One study shows that almost 40 percent of older adults in the United States take five or more prescription medications per month. Up to one-quarter of these prescriptions may be PIMs. This study also found that electronic-data analysis and electronic decision support tools positively impacted physician prescribing habits and, on average, eliminated two PIMs in the senior population studied.

Linking Systems

As senior care organizations are discovering, however, it is crucial that EHR and e-prescribing systems are linked across communities. Ineffective medication monitoring can be partly attributed to health information technology that is neither integrated nor interoperable. Linked information systems allow for rapid medication reconciliation, drug-allergy and potential drug-drug interactions, and side-effect notifications, all delivered within the physician’s workflow at the point of prescribing.

More advanced, integrated e-prescribing systems include simplified screens for order entry tailored to physicians’ preferences to allow for quick check-ins and streamlined entry for medication, imaging, lab, treatment, and diet orders. These tools can improve resident safety and streamline documentation for accurate, easy reporting and can significantly reduce or eliminate medication-related errors.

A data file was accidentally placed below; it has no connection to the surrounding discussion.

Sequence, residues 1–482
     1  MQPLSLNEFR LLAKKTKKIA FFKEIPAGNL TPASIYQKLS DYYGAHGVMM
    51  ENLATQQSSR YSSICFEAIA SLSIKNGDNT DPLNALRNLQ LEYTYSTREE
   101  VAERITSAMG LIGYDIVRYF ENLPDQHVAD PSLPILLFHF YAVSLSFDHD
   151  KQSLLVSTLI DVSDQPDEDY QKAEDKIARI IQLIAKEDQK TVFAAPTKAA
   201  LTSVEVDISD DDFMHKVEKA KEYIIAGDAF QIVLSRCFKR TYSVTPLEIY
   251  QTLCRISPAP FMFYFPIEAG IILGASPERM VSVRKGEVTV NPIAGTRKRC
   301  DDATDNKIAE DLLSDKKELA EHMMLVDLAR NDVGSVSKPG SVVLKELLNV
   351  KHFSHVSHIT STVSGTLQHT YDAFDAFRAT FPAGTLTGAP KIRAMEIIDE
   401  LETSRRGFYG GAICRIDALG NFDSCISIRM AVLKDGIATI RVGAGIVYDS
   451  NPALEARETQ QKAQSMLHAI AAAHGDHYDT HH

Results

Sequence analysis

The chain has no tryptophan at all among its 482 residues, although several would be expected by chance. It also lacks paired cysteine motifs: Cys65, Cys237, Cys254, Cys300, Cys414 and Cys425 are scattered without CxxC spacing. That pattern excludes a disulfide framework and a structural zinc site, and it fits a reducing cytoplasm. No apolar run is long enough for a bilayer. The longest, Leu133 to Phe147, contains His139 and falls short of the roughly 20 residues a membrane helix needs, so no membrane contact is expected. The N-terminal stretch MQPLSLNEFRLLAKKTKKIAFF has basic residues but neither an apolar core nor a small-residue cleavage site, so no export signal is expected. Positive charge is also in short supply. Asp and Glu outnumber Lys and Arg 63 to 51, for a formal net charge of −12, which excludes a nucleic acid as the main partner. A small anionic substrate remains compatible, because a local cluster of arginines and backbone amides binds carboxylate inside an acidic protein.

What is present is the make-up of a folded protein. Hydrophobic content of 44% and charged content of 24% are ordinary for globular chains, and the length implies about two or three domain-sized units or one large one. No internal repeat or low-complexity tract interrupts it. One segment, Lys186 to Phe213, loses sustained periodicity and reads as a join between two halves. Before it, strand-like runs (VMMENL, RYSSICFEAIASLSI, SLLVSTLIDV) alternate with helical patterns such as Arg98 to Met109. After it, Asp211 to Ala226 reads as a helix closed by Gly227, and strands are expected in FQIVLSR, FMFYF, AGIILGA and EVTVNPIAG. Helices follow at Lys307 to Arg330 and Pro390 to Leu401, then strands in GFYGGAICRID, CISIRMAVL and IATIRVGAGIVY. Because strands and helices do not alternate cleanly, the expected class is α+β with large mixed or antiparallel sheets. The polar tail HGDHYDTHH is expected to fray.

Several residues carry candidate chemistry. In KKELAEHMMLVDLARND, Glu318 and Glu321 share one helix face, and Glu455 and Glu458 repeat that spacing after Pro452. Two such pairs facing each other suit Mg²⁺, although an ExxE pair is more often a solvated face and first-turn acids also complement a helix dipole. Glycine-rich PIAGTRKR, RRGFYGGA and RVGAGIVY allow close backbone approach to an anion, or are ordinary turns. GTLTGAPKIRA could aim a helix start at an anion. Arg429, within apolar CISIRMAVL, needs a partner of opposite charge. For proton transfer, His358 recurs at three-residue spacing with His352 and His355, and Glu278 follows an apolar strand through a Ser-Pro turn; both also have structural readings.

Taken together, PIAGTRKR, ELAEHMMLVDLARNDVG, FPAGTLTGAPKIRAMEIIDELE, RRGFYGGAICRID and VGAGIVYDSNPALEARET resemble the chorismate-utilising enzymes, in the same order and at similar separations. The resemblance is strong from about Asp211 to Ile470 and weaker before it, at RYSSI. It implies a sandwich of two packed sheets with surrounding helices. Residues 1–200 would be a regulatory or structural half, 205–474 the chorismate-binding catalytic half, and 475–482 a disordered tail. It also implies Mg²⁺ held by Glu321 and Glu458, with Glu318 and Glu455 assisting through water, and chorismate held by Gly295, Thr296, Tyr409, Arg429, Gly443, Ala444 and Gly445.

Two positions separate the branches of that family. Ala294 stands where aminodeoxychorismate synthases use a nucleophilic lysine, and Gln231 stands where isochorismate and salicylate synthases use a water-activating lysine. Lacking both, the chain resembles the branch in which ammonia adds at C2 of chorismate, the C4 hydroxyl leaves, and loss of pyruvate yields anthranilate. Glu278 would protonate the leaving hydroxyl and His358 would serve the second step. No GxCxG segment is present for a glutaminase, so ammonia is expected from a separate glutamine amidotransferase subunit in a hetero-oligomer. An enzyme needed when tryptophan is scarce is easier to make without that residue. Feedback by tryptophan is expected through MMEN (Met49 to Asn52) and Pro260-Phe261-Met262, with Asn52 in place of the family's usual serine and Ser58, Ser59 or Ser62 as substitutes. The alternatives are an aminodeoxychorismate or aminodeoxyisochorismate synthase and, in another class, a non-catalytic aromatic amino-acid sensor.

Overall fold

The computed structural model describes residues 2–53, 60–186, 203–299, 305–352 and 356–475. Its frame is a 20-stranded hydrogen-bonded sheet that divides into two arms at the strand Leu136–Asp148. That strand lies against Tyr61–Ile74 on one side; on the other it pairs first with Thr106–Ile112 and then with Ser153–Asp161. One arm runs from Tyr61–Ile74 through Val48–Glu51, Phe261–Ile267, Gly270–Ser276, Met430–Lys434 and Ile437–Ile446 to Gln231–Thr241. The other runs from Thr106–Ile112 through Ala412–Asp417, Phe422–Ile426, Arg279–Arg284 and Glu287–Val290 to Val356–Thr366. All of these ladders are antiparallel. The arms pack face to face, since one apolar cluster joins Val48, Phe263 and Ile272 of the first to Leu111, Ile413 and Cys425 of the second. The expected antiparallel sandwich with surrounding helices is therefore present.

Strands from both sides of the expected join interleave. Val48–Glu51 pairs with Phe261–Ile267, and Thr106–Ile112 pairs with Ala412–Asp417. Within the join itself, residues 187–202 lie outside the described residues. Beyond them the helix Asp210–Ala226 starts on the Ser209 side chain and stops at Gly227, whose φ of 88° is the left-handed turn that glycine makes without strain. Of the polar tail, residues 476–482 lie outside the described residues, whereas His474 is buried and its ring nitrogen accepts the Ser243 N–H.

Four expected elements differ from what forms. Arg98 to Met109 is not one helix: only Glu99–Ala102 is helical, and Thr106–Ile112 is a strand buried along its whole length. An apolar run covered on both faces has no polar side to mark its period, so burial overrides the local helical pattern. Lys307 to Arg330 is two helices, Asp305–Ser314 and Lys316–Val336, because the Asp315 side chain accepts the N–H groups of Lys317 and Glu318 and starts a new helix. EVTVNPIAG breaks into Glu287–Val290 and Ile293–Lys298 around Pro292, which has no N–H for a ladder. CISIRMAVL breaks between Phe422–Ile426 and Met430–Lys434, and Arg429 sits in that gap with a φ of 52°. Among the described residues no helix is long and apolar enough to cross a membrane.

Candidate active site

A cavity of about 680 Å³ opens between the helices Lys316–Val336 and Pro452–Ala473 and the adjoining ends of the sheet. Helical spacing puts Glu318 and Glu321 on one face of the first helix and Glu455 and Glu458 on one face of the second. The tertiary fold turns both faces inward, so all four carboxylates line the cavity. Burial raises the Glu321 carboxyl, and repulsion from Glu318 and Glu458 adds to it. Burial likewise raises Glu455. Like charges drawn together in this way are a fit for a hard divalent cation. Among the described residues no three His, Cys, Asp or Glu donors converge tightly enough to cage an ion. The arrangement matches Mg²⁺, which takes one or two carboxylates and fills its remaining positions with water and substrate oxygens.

Moreover, improved safety reduces liability and regulatory compliance exposure for the senior care organization. For optimal safety, the system should be certified with Omnicare, Pharmerica, Prescribers Connection, and SoftWriters, giving the senior care organization access to accurate, real-time exchange of pharmacy information that meets National Council for Prescription Drug Programs’ standards.

Further certification should be sought from the Drug Enforcement Administration’s electronic prescriptions for controlled substances rule, which designates that the medication management technology has been subject to an audit process.

A Case In Point

One senior care organization leveraging health information technology tools to improve medication management and reduce PIMs is a nonprofit, faith-based organization with two continuing care retirement communities in Northern Virginia. The company offers a continuum of services and health care, as well as home, palliative, and hospice care.